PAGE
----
Chuck Cook / USATSI

1.  The DeMarcus Cousins trade to New Orleans

Moments after the Western Conference’s 192-182 victory over the Eastern Conference in Sunday night’s All-Star Game, word traveled quickly about the New Orleans Pelicans’ absolute fleecing of the Sacramento Kings, who were desperate to rid themselves of DeMarcus Cousins.  In exchange for Langston Galloway, last season’s number six pick Buddy Hield, Tyreke Evans, a Kings’ castoff whose contract is due to expire, and a first and second round pick in 2017 (the former of which is top-3 protected, which, given what the Kings are now without Cousins, may never be theirs), the Pelicans acquired an All-NBA talent, along with Omri Casspi, to play alongside their franchise center in Anthony Davis.

In short, the Cousins deal demonstrated that a superstar could be had for very little.

And Melo, who is six years older that Boogie, would have garnered even less.

In essence, what the Cousins deal did to the NBA landscape leading up to Thursday’s deadline dashed the Knicks’ hopes of trading Melo to the Boston Celtics, who amassed a litany of assets when their Big Three disbanded, and the Los Angeles Clippers, who could not trade Griffin for Carmelo as long as Rose remained on the roster, thanks in part to an obscure clause in the collective bargaining agreement that bars two players in the midst of a contract that was extended past their initial rookie deals to comprise the same roster.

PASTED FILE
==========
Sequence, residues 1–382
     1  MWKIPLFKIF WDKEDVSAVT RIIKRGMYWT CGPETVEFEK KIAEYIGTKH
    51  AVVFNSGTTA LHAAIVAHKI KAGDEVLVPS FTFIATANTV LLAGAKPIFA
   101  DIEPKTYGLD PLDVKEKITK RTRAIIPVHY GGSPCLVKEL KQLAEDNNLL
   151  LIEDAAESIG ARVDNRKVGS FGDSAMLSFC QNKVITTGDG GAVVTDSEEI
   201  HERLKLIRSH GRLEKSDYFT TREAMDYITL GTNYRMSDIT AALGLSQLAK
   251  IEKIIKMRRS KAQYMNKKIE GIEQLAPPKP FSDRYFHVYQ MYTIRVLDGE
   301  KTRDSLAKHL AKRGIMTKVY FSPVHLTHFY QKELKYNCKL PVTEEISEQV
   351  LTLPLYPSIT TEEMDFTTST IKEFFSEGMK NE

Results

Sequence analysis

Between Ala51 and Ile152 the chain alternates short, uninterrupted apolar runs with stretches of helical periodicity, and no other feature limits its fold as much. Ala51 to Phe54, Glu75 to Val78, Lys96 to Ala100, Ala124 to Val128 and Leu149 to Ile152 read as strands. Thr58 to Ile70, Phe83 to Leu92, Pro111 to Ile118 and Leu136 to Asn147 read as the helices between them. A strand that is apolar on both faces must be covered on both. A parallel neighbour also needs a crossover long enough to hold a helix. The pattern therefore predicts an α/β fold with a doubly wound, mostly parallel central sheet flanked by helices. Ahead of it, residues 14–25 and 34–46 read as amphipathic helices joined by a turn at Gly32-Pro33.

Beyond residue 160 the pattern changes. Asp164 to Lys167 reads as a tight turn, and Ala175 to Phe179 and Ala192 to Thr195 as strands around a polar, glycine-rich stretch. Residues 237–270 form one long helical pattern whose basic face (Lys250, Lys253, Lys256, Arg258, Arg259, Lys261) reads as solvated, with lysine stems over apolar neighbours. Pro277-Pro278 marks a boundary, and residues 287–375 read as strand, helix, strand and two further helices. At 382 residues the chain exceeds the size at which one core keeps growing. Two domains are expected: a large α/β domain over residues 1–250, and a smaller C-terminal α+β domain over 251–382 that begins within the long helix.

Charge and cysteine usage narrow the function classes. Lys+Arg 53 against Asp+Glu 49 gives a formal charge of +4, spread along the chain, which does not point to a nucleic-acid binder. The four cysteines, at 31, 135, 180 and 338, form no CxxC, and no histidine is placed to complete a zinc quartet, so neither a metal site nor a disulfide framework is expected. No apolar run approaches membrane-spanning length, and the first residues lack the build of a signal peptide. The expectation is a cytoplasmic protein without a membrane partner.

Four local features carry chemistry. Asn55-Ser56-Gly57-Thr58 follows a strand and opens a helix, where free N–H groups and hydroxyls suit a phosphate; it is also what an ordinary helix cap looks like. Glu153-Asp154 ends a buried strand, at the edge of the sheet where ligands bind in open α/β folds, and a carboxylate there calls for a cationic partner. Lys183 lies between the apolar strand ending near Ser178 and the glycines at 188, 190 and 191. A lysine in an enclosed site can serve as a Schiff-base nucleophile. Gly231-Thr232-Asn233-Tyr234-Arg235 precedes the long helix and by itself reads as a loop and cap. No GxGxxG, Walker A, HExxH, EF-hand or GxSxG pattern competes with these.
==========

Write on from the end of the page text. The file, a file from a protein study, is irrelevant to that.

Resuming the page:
Essentially, Melo, arguably a lesser player than Cousins, was not worth claiming by a title contender in need of a dynamic scorer of Anthony’s ilk and hefty contract.